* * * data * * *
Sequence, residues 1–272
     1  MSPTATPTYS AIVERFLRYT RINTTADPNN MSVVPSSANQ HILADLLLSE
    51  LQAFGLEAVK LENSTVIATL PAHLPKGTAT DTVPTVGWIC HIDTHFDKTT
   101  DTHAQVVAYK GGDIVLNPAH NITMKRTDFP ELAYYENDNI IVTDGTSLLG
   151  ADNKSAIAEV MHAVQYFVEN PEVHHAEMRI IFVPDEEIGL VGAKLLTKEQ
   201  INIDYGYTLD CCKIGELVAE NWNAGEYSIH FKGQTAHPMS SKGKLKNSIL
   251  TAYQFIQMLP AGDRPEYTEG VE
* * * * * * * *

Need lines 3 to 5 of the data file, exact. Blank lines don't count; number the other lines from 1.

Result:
    51  LQAFGLEAVK LENSTVIATL PAHLPKGTAT DTVPTVGWIC HIDTHFDKTT
   101  DTHAQVVAYK GGDIVLNPAH NITMKRTDFP ELAYYENDNI IVTDGTSLLG
   151  ADNKSAIAEV MHAVQYFVEN PEVHHAEMRI IFVPDEEIGL VGAKLLTKEQ